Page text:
B21 panel looks at GCR, missions, theologyTuesday, Jun 21, 2011
By Lauren Crane
PHOENIX (BP)--The push in 2010 for a Great Commission Resurgence in the Southern Baptist Convention was not a push for more programs, as much as it was an ambition to recover the Gospel among Southern Baptist churches, according to several members of a panel at a Baptist21 luncheon June 14.
About 700 guests listened as Daniel Akin, president of Southeastern Baptist Theological Seminary, Kevin Ezell, president of the North American Mission Board, R. Albert Mohler Jr., president of Southern Baptist Theological Seminary, and David Platt, pastor of The Church at Brook Hills in Birmingham, Ala., shared their consensus about GCR and Southern Baptist life. They joined John Piper, pastor for preaching at Bethlehem Baptist Church in Minneapolis to talk about issues of the church and the Great Commission.
To guard against "unintentional drift" into heresy, Piper said believers must be vigilant to ensure that the content of their message is correct. "Content matters more than motive," Piper said. "That's scary -- motives can send you to hell. Not messing up the content is what really matters."
During the luncheon, the panel discussed "The Resolve of Southern Baptists in Advancing the Glory of God." Platt, author of a popular book, "Radical," said he fears the content of much modern preaching encourages entanglement in materialism and misses the Gospel.
"What I want to emphasize is that it is the Gospel that drives this picture [of radical obedience]," Platt said. "I want to be zealous for the souls of the people I pastor in regards to materialism. I want them to see that their possessions and pursuit of money can be dangerous and even damning. At the same time, I don't want to produce any guilt-induced obedience or actions."
Akin took note of the connection between theology and missions.
"Theology and missions are interrelated. If you have a theology of the Gospel right, then you're going to be compelled to engage in missions with that glorious message," Akin said. "Southern Baptists, for much of our history, have been so pragmatically driven that we have been on mission without the Gospel. We need to recover the Gospel in our churches."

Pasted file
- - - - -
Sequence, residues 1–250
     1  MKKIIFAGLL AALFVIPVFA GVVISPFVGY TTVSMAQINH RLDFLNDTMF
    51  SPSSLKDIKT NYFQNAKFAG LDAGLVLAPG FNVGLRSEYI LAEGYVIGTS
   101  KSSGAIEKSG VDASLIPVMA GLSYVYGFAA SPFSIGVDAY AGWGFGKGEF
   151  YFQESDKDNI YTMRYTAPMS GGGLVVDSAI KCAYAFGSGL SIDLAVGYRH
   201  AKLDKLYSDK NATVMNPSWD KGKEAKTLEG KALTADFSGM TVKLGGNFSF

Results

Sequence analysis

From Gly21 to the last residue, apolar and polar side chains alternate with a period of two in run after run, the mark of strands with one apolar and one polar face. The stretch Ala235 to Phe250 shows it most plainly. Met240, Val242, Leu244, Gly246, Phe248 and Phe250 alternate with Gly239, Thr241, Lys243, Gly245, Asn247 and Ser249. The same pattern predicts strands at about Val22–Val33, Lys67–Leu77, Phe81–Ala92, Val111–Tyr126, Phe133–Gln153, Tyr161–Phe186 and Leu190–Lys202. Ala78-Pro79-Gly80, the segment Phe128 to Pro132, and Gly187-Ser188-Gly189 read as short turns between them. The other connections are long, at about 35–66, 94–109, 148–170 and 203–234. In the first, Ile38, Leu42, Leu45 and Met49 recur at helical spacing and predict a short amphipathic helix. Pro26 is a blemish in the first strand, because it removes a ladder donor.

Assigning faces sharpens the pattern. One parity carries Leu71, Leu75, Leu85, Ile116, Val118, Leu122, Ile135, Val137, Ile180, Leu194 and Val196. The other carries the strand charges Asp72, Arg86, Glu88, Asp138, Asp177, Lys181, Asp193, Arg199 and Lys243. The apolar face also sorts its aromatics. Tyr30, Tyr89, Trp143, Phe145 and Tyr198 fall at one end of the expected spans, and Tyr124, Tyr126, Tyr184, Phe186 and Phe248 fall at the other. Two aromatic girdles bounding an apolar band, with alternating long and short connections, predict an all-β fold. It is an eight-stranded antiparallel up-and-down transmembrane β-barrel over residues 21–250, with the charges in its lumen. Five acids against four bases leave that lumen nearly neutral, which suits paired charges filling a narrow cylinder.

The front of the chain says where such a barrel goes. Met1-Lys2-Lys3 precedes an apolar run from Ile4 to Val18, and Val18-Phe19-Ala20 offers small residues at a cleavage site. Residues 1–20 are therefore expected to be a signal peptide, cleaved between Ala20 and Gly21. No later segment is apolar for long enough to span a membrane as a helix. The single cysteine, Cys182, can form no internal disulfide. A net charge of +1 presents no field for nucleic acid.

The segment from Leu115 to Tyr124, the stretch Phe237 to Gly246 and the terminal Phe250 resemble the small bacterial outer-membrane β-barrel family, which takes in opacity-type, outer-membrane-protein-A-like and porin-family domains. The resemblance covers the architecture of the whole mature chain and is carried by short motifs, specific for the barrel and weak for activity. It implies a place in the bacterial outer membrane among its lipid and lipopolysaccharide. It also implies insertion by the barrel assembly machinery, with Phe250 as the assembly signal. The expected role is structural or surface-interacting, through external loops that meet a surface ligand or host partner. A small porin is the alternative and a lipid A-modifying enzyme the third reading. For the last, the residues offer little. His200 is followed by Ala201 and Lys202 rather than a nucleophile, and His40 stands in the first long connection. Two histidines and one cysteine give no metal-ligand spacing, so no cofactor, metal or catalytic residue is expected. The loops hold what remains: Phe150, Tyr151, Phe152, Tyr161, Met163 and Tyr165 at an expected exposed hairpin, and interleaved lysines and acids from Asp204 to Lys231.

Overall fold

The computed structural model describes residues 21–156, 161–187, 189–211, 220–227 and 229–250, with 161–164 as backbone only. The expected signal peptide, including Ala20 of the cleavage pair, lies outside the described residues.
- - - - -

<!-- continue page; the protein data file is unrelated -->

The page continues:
Ezell, as the North American Mission Board's new president, said Southern Baptists should not be motivated by guilt but by God's grace. "You're not going to get them there by guilting them," Ezell said. "You have to take small battles one at a time to win the war."
At Bethlehem Baptist, Piper said he has tried to diligently preach the glory of God, believing this motivation will cause people to prepare to actively help fulfill the Great Commission.
"My whole goal is to help people be blown away by the greatness of God. When people get that in their hearts, they are so ready for planting, for pushing," Piper said. "If you come with a 'do plan,' they get tired really quickly, especially in a church that has, for a long time, been unfed. They need a lot of feeding."
In a video at the luncheon, Platt talked about the 3,800 "unreached, unengaged" people groups around the world. "They're unreached because it's difficult to reach them. It's not going to be easy, but the reality is, we have the resources to make the Gospel known," he said. "The question is, do we have the resolve?
"I'm still learning how to balance the urgency of this mission with patience," Platt said. "I tend to be consumed by the urgency of the 3,800 unreached and unengaged people groups. The Lord is a good shepherd to me, and He has been patient with me, so I need to be a good shepherd and patient with my people."
Akin, using the illustration of a large flywheel, said the SBC "stopped rolling and we didn't notice it. If God would be so gracious and kind to us to allow us to focus on a passion for Christ, we could indeed be a part of fulfilling the Great Commission.
"God is going to do what God is going to do," Akin continued. "He's going to bring the nations to Himself. We could either be sitting on the sidelines or we can have the joy of being involved."
Lauren Crane writes for Southeastern Baptist Theological Seminary.